Pressure And Performance

By Cheryl Franklin

As an agency we pride ourselves on being a nice place to work. In fact, I just finished a blog tooting about some of the ways in which I’m proud of our Culture of Engagement. One of our values is to be nurturing and yet I’m about to talk about applying pressure and making diamonds.

We have a group exercise I wheel out every now and again where we list all the pressures we get from our jobs, for example:

  • Control (how much say a person has)
  • Change (How organisational change is managed and communicated)
  • Demands (Workload, work culture)
  • Role (clarity on employee’s responsibilities)
  • Support (what support you have among colleagues, Line Managers, Training support)
  • Relationships (behaviour towards colleagues)

Culture (how company as a whole supports and treats its employees)

We talk about how all these components make us feel small, stressed and the detrimental effect it has on your self esteem and work function. We all agree how adding in these pressures creates poor results, poor performance.

My next group exercise is to ask the same question, only this time I ask what makes for a high performance. Oddly some of those same examples above pop up here too:

  • Communication – clear tasks and direction from colleagues and leaders
  • Sense of urgency – deadlines
  • Peer pressure – inspiring colleagues, wanting to keep up with team mates
  • Support/Healthy challenges – encouragement and pride in your work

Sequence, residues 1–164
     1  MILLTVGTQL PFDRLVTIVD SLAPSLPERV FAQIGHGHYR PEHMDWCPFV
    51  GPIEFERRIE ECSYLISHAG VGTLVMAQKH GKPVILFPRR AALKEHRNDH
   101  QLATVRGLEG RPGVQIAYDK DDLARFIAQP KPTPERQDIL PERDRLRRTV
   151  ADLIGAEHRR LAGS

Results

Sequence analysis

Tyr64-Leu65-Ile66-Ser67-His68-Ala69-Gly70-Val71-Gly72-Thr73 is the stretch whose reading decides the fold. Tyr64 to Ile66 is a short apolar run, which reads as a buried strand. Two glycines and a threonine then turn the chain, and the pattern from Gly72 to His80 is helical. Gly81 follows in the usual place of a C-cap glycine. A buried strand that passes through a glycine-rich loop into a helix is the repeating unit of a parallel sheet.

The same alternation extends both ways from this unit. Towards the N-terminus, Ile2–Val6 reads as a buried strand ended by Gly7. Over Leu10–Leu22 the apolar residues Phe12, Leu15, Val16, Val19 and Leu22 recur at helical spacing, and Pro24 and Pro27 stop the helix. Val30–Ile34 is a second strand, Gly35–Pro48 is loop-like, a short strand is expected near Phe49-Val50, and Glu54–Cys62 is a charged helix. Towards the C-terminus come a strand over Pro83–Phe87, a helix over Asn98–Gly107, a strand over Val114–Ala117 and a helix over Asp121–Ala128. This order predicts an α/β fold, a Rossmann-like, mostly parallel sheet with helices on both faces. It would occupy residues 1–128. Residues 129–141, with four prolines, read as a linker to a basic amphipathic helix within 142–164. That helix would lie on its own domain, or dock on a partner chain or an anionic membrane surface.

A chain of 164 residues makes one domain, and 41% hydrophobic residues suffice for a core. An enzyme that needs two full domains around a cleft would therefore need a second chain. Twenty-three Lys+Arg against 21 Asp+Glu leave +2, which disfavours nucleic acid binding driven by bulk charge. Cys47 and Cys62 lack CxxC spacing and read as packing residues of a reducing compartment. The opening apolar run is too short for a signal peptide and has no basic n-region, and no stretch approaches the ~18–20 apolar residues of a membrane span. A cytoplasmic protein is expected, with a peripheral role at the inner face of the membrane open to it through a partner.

• Clear role definition 

We conclude that the types of pressures we receive at work can make low or high performances, it’s how you apply those pressures and knowing when to stop (or start).

If you look at the Pressure and Performance Curve above, originally created by Robert Yerkes and John Dodson in 1908, you can see that pressure can be a positive influence – as long as it is the right amount. Too little pressure and there is a sense of apathy and boredom and work levels suffer. Far too much pressure and you are overwhelmed and stressed and the performance starts to drop off again.

At Goram & Vincent we often refer to this diagram. We herald ‘Stretch’ as the diamond state. 

Minimum pressure = Boredom, procrastination, getting distracted

Maximum pressure = Overwhelm, agitation, anxiety and stress

Stretch = A sweet spot of Balance, Wellbeing and Growth

We now have a set of vocab that we all understand and can articulate without feeling ashamed or unable to communicate. Naturally we all have our own curve of pressure and performance so it’s helpful signposting, knowing we all need different dollops of pressure. 

So full circle – pressure can be nurturing, in fact too little pressure and we aren’t nurturing enough.  

Cheryl Franklin is Operations Director at G&V. For more information on our team culture, operations and processes then please get in touch via our contact page.


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